• Comment quality based off one metric – One of the things that Reddit could really take away from Slashdot is realizing that people upvote things for different reasons, and there is no good way to separate the comments based off of that. If a comment is funny, it can have the same level of upvotes as a comment that explains exactly why the article being submitted is dead wrong.
  • Retiquette never enforced – There are rules in place, but no one actually bothers to read or follow them. Now one could argue this is down to the individual moderators of each community, but if’ we’re going to play that game than perhaps site administration [like moderators Jedberg] could have more say in trying to get people to follow the rules that were put in place.

haza it's like internet luck4chan – Now before anyone gets defensive and reminds me that 4chan is an imageboard, I think I would like to make my case for why they’re included on the list. Let’s face it, if you’re in the tech industry and involved on the internet you’ve heard of this site. But when you really put your nose to the grind stone, who is it that found dusty the cat? Who is it that made chocolate rain, rickrolling , and cats popular on the internet? The fact of the matter is that as much as they are content generators [despicable as that may be], they are also the ones who go out and find the most obscure things and bring them to light.

Pros

  • Anonymous Posting – There are a lot of things that you could say are negatives that come along with this, but in truth this is the quickest way for people to tell the truth. While moot may ultimately know the true identity of these people, they are simply a cloud of nameless individuals who are able to exchange ideas without out any fear of it being tracked to who they really are. That’s a very powerful tool for getting information out there.
  • No Holds Bar – Reddit has more recently been picking up in this regard, but 4chan has always been a home of “the forbidden” or “the taboo” serving as a shelter to discuss things that you would never dare discuss in public.
  • The best of the best – When it comes to those who actually browse the site, they are usually able to extract the most obscure information that I can even begin to think of. I’m not sure if this is simply a side effect of a million unemployed folks, but when it comes to finding rare or obscure things these internet detectives are like no other. It attracts people who don’t have to blow their cover or say who they are, part of that whole anonymous posting thing.

Cons

  • Child Porn -There’s really no disputing the fact that when you have the above factors, you are going to have some pretty intense side effects, one of those happens to be things that are generally HIGHLY ILLEGAL. As such, you essentially have 1 of 2 options, deal with it by bringing in more moderation, or just become known as that site that “sometimes post that kind of thing”.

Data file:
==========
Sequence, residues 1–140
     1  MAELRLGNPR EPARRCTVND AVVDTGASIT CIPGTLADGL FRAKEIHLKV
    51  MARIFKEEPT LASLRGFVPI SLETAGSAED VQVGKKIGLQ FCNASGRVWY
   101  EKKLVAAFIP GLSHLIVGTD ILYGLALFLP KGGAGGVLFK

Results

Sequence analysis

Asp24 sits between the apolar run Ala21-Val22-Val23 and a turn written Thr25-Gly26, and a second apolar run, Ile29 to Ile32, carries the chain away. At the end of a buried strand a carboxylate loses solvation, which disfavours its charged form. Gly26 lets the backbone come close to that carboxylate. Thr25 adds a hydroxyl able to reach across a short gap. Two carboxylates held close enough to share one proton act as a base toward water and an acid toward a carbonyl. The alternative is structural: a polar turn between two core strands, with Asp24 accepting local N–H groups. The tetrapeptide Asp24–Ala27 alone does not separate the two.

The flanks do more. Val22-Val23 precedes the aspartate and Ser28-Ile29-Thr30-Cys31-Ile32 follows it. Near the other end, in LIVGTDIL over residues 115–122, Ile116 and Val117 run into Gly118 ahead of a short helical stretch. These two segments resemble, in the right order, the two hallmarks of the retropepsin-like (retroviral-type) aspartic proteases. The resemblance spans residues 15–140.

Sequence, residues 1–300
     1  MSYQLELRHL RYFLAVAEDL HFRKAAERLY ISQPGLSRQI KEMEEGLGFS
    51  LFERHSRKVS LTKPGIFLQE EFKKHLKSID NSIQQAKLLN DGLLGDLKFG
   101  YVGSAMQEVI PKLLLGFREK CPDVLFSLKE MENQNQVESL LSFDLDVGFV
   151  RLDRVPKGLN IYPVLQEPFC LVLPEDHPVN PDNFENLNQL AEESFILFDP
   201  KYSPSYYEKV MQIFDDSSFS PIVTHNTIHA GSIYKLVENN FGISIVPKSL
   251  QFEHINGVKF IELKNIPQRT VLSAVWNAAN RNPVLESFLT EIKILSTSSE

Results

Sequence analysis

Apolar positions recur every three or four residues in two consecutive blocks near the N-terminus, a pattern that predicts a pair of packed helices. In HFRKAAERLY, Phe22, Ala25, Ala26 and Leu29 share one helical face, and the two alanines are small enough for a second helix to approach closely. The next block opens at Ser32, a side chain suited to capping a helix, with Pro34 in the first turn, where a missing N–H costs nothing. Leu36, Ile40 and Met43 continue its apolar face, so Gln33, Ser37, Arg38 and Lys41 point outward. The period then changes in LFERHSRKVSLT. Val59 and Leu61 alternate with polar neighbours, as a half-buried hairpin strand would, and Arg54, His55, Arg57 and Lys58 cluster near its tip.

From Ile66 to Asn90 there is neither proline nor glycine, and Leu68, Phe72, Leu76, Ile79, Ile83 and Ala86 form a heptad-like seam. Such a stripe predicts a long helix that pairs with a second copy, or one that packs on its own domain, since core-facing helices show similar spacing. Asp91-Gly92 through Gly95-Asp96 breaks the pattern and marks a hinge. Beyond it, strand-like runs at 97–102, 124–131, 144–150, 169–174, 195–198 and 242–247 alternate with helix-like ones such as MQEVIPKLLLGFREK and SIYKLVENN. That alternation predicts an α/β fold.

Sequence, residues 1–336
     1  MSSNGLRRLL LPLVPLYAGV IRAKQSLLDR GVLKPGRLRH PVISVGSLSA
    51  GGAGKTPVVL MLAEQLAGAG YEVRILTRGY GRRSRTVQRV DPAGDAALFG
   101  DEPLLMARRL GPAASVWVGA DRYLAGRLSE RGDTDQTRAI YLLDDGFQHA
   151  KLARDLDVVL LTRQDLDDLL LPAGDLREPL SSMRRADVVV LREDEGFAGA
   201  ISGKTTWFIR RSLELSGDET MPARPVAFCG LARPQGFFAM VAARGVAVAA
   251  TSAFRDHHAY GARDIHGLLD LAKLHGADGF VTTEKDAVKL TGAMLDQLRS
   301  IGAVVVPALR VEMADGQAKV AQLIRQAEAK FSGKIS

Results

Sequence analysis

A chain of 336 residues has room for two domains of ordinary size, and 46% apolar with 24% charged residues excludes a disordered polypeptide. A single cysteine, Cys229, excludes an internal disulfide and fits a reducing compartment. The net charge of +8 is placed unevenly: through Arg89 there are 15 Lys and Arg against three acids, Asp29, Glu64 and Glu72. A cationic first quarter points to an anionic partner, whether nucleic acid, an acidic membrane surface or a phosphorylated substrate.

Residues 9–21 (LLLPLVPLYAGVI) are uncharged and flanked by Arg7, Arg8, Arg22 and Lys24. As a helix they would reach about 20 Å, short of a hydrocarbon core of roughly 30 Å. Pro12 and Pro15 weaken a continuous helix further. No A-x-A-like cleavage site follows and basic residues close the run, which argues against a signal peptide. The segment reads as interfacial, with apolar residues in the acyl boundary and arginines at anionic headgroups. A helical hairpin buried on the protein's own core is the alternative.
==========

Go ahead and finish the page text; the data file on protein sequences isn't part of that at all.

• No Accountability – 4chan is notorious for making it difficult to blame a single individual for what are often tragic events. In fact the only time in recent history I recall something negative happening to one of its users was the whole football stadium thing [3].
  • Profitless – Nobody wants to touch this site with a 10 foot pole. The issue is that 4chan is a notorious site with a strange user base and no company with money wants to get their company logo near it.

What to do?

So, the question than becomes how can you take all of these pros and cons and make them into a functional community? Can you take the components which make those communities unique and apply them to a single site? I think to some degree you can. Now, I’m not sure I’d go full anonymous as with 4chan, but the anonymous coward option that Slashdot offered would suffice for this goal. It would allow occasional bouts of users who want to express something but not relate it to themselves, in a manner that keeps things stable in terms of viewpoints.

I’ve often wondered what such a site would need to be programmed in, and I think the clear answer lies in something like Oracle and Python [or Ruby]. These would need to be scalable services which aren’t limited by dysfunctions in compilation and security already present in the language [looking at you PHP], or weak on the security front because of the operating system it would have to be saddled on [That’s you ASP.net]. Than you’d have to develop a sever infrastructure and a cache service that would be capable of achieving the goals that you are looking for [a cache service perhaps like Cassandra].

Than you’re going to want to hire a web designer with a bit of talent to layout the core of the website, trying to make sure they incorporate simplicity from the beginning. From there,  you take those Pro’s I mentioned above and you start to design a system around it.

Just some thoughts